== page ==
The latest update of the IUCN Red List of Threatened Species sees the addition of new or updated entries of trees. More trees than ever have now been identified as threatened (www.iucnredlist.org), reaching 9,910 – representing 66% of all the trees listed on the IUCN Red List.
The latest additions to the Red List include 128 conservation assessments of trees in the family of Betulaceae. The Betulaceae, the birches, alders, hazels, hornbeams, hop hornbeams and Ostryopsis, include some commercially important timber and nut producing trees.
These assessments were undertaken by BGCI and members of the IUCN/SSC Global Tree Specialist Group and have also been published in The Red List of Betulaceae. This publication is the latest in our series of red list publications and includes assessments for trees from six genera; Alnus, Betula, Carpinus, Corylus, Ostrya and Ostryopsis.
In total 17 Betulaceae trees are given a threatened rating, most of these are found in warm-temperate to tropical forests and relicts of the Arcto-Tertiary forests, on low latitude mountain ranges in Japan, Korea, south China and Taiwan, the Caucasus/Caspian region, and southeastern North America.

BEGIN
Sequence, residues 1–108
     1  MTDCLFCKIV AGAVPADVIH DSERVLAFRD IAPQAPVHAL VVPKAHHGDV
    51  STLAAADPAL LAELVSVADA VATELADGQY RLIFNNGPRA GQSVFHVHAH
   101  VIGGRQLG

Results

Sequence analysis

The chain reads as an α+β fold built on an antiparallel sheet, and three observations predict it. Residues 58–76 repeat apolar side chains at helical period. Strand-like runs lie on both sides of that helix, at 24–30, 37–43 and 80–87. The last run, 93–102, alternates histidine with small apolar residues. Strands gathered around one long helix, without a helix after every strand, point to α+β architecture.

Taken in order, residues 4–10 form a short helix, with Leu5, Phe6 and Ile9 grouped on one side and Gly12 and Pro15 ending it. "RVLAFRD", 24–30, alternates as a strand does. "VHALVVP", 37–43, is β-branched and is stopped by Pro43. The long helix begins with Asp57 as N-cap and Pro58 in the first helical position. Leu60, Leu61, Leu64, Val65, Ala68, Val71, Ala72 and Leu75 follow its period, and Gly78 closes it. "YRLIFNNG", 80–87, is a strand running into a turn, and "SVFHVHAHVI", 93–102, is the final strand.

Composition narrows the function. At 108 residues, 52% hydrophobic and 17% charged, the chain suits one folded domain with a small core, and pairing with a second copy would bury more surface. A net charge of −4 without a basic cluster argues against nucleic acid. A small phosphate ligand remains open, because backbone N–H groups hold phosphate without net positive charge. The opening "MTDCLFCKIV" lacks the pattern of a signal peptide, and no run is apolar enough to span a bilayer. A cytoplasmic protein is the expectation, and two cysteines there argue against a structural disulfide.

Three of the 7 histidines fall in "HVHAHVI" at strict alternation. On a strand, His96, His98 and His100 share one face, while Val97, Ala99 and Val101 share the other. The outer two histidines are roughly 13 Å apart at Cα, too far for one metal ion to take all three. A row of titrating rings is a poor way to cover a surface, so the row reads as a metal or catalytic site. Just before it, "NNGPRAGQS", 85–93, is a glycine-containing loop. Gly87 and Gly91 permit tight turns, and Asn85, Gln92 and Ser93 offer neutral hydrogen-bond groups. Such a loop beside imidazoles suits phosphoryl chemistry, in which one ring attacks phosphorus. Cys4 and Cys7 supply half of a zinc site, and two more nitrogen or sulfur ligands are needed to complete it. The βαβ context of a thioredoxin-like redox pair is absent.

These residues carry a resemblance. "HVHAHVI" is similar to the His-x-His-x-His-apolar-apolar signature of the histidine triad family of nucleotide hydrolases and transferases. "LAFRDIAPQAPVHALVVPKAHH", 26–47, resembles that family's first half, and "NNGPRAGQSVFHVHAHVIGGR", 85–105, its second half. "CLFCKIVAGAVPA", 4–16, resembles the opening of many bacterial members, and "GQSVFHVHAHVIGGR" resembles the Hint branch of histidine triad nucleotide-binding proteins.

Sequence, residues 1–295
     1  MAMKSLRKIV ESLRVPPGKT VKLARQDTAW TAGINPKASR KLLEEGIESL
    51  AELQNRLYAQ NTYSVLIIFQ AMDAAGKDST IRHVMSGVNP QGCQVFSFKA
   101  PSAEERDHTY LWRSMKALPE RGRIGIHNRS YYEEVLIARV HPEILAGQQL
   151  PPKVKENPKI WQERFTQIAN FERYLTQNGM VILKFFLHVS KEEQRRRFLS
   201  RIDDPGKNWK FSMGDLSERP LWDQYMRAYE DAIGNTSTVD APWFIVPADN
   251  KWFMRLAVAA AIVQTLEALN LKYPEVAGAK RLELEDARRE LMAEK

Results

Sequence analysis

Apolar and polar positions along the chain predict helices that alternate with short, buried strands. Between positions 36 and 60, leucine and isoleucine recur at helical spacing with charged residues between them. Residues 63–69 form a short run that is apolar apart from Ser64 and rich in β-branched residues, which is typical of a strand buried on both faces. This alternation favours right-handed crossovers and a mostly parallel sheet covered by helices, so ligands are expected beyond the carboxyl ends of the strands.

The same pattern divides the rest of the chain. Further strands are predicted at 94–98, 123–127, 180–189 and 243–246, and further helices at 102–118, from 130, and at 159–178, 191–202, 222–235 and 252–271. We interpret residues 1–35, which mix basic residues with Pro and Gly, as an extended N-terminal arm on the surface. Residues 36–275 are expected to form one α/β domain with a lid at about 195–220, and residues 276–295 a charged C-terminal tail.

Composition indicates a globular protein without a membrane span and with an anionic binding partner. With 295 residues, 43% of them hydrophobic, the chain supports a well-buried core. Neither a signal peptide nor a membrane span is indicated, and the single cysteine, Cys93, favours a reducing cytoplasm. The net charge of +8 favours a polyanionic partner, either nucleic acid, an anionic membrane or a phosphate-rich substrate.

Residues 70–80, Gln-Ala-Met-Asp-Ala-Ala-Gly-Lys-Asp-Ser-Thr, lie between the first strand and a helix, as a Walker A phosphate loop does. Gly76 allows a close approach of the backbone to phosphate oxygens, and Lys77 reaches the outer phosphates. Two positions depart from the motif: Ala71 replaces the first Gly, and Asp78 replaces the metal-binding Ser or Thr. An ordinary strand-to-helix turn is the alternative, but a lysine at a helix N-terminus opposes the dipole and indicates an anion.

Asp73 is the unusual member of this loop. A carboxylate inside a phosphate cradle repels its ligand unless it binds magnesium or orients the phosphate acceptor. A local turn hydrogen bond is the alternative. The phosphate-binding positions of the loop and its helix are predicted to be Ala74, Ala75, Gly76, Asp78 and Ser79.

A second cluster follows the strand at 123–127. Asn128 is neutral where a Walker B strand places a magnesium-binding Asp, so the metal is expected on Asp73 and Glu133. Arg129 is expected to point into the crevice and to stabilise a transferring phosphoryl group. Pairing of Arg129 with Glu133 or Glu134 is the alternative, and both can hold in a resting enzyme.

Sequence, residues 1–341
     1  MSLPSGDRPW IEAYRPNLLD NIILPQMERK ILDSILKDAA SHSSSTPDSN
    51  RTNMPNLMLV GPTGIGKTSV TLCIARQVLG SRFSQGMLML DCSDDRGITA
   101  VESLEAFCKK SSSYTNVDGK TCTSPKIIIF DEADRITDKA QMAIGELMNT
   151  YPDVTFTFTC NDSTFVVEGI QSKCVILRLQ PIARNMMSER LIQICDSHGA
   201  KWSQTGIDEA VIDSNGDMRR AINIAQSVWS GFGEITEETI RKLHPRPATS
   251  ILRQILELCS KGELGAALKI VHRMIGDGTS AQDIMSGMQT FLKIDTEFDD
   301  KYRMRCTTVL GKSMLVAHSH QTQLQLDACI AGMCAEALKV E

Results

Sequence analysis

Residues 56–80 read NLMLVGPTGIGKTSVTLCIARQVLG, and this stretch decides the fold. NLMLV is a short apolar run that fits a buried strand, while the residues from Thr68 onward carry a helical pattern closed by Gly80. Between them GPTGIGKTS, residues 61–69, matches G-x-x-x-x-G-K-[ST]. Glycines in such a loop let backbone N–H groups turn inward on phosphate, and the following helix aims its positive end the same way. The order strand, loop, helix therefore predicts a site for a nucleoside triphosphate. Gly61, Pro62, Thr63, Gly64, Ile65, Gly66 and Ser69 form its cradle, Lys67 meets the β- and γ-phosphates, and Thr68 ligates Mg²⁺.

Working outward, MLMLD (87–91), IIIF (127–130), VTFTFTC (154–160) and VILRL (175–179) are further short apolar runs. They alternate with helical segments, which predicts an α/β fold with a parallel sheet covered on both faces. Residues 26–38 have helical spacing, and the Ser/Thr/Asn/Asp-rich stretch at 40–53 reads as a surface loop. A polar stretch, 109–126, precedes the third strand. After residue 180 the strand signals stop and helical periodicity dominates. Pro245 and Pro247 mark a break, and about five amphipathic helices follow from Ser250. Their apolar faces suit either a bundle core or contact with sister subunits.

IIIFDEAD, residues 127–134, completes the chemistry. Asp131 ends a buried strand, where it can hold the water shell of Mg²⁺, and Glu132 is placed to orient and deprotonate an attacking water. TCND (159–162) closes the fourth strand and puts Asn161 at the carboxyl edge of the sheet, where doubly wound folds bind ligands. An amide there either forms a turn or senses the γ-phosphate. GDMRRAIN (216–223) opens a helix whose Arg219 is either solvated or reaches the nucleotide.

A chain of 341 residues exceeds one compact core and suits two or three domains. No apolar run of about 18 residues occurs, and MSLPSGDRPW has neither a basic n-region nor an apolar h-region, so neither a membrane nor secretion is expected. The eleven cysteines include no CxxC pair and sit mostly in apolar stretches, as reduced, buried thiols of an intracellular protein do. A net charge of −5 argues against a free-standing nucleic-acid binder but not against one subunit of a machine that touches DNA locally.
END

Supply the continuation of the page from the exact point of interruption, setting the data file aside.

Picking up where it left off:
However, about one third are assessed as Data Deficient. This highlights the lack of information on little known species, mainly from less studied parts of the world. It also underlines the need for further field research to determine the distribution, population status and threats facing the lesser known taxa in this family.
Other threatened trees that have been added to the IUCN Red List this year, including an additional thirty Magnolia species, several new assessments of trees from Mozambique and the entire genus of Delonix.